øøøøøøø wrote:The best advice I can give:
Proceed with extreme caution using the philosophy "First, do no harm."
If you're not experienced in vintage guitar repair/restoration, I'd advise doing as little as possible, or seeking outside professional help. You can do serious damage to the value of the instrument by doing seemingly-harmless things. Sort of how people who clean vintage cymbals harm their value, and they think "All I did was clean it, wtf?!" But they don't realize that the patina has a lot of value. But I digress (slightly), although patina also has some value on vintage guitars as well.
The prevailing ethos in vintage guitars in the past 20 years has become one not of "restoration" but rather preservation, and that's the course I'd recommend here, even if your aim is to keep it and play it yourself. Honest playwear does FAR less damage to the intrinsic, historic, and monetary value of an instrument than "restorations." I have a lot of old guitars, and I tour with them, play the dog shit out of them, and leave my own marks of wear, use and abuse. But restoration is a whole other thing.
Preserve (intact) as much as possible. If there's the slightest hunch the finish might be original, then don't touch it (seek expert counsel first). Even if it's unoriginal, it may be that it's an old refin that has been on the guitar so long that it's part of the guitar's "history," and preserving it actually will maintain more value (both monetarily and historically) than doing an imitation "factory-correct" paint job.
To explain somewhat further with an example-- if a vintage guitar comes into a shop and it was customized in the 1950s or 1960s with the performer's name or some custom graphic or add-on, then many/most vintage dealers would rather keep that intact, even if it were easily removed to restore the guitar to "stock." If it adds to the guitar's personality, history, or provenance, it is usually better to leave well enough alone. Of course, sometimes a thing was just hacked on and butchered, and in that case it would often be better to effect an expert restoration. It's very much case-by-case, and unless you've spent a career buying or selling vintage guitars, you frankly will often not know which situation is which.
Replacing the bum tuner with an era-correct Kluson is unquestionably a good move.
Cleaning the top layer of funk off is a good move ONLY if you're certain you can do it without damaging any of the finish or plastics, even if the finish is unoriginal. Unless you know for sure whether this is the case, then assume you have no idea and consult an expert.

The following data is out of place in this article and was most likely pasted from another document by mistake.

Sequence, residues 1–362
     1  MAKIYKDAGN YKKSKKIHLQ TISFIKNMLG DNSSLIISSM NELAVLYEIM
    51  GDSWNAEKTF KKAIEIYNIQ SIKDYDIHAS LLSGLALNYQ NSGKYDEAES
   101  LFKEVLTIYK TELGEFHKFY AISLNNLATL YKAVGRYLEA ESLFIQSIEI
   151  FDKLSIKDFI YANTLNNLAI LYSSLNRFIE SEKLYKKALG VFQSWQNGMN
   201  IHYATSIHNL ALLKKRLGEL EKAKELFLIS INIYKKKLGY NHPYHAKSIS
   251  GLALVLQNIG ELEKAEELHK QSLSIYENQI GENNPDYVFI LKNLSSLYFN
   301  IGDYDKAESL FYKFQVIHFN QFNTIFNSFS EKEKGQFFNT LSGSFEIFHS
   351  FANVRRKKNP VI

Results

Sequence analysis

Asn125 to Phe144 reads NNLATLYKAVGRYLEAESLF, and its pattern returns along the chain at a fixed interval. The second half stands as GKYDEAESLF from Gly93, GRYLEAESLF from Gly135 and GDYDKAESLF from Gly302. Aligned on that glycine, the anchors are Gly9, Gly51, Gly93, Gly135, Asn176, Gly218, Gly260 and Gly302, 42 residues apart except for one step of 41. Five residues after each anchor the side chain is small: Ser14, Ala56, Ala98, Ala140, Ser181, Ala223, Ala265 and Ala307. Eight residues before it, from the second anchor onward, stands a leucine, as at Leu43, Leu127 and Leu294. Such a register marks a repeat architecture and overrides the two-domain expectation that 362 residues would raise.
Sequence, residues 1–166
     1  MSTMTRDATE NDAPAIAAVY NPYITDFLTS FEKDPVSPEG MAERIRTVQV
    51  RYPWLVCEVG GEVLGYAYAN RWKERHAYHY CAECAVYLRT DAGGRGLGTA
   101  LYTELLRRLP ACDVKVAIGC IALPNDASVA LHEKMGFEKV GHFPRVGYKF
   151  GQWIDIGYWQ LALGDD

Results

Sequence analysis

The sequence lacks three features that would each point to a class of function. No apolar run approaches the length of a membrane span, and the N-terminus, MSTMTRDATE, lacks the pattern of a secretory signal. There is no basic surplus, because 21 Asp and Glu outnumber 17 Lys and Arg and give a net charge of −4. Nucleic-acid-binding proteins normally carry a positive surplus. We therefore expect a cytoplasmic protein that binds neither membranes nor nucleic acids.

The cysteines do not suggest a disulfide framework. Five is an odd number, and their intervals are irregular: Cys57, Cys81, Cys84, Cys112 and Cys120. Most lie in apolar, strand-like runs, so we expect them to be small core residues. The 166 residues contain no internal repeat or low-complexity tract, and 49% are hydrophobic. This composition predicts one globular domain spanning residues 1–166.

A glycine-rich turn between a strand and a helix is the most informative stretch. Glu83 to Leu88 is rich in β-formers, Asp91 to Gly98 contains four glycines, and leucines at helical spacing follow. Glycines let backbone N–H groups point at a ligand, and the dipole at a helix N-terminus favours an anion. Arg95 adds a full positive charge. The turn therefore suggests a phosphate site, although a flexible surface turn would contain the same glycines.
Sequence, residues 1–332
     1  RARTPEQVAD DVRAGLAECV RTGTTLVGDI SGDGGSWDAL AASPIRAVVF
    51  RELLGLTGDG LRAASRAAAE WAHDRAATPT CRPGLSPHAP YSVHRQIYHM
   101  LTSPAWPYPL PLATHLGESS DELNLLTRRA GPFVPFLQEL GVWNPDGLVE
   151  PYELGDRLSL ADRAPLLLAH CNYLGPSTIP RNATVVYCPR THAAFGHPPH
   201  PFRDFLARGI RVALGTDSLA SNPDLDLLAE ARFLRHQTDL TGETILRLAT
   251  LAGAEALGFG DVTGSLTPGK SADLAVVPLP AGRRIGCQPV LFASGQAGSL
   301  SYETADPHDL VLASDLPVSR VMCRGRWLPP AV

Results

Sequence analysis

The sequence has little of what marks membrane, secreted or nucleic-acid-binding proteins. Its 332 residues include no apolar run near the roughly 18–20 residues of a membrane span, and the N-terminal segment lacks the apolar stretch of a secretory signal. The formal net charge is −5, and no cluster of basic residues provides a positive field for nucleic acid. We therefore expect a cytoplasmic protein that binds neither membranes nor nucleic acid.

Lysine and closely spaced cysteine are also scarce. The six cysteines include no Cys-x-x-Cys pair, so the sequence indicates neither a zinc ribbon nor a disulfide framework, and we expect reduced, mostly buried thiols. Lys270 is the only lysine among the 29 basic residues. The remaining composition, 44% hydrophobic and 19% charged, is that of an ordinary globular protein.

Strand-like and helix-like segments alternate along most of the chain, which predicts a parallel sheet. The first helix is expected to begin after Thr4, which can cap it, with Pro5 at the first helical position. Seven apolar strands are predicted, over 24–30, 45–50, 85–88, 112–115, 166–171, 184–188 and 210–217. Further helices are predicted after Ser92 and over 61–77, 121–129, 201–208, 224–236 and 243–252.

Rust removal is a bad idea for a first-timer. For one thing, if the rust is present, then the plating is already damaged and you won't be able to restore the parts to "like new" condition. If the rust interferes with the function of parts, then some work to restore full functionality is usually a net positive. However, if the rust is merely cosmetic, then it's probably best to leave it (in my opinion-- opinions do vary). Many people appreciate the patina of old parts, and some authentic rust just adds to the provenance of the instrument (not to mention its character) in the opinion of many.
A good setup and anything needed to restore the guitar to playable condition is generally safe, but anything non-reversible (i.e. fretwork, etc) should be left to experts.
Generally speaking, anything that can be done without permanent modification (i.e. it could be 'put back original' without a trace) is safe to do.
The celluloid pickguard will shrink if not screwed down to a piece of wood. If you remove it for any length of time, absolutely screw it to a piece of plywood to keep it from shrinking. Otherwise you may not be able to screw it back onto the guitar readily.
At the end of the day, a "barn find" like you have here is almost always worth more than an amateur restoration. Proceed with extreme caution, or you could literally be throwing away both historical significance and money. Imagine you found an original and priceless ancient artifact. Would you try and 'restore' it yourself? Probably not, and while this situation isn't really that dramatic, I recommend approaching it sort of the same way.
Thank you for the words of advice. I have no intention of destroying any of the guitars original features, nor am I interested in a complete restoration. Your term of "preservation" fits perfectly with my intent. While I'm not a rookie when it comes to guitars, I'm intelligent enough to ask questions before proceeding with anything that might cause harm. No way in the world would I attempt a refret, but swapping out a set of tuners is a piece of cake. I intend on keeping this guitar and playing it for years, but as you can see from the pictures it is in desperate need of a deep cleaning. As for the rust, my primary concern is returning it to a playable condition while preserving its condition and historical significance since it is so close to an original guitar. As for what is needed to do that, the primary part will be elbow grease, care and restraint. Concerning parts, I need a vintage switch cap, an early 1964 serial plate, and a repro decal. As to the decal, knowing how that's a no-no to ask about around here, I can only hope that one of the members here sends me a PM with a good recommendation. Hopefully I can find a trusted seller who'll swap me an early 64 plate for the 68 plate along with a little cash.
Now for a question. What would be the best method of removing the rust from the pots? Since all the wiring appears to be original, I don't want to deal with unsoldering anything other than the input jack unless it's ABSOLUTELY necessary. I've got deoxit, contact cleaner and such, and all manner of brushes, cloths, and tools.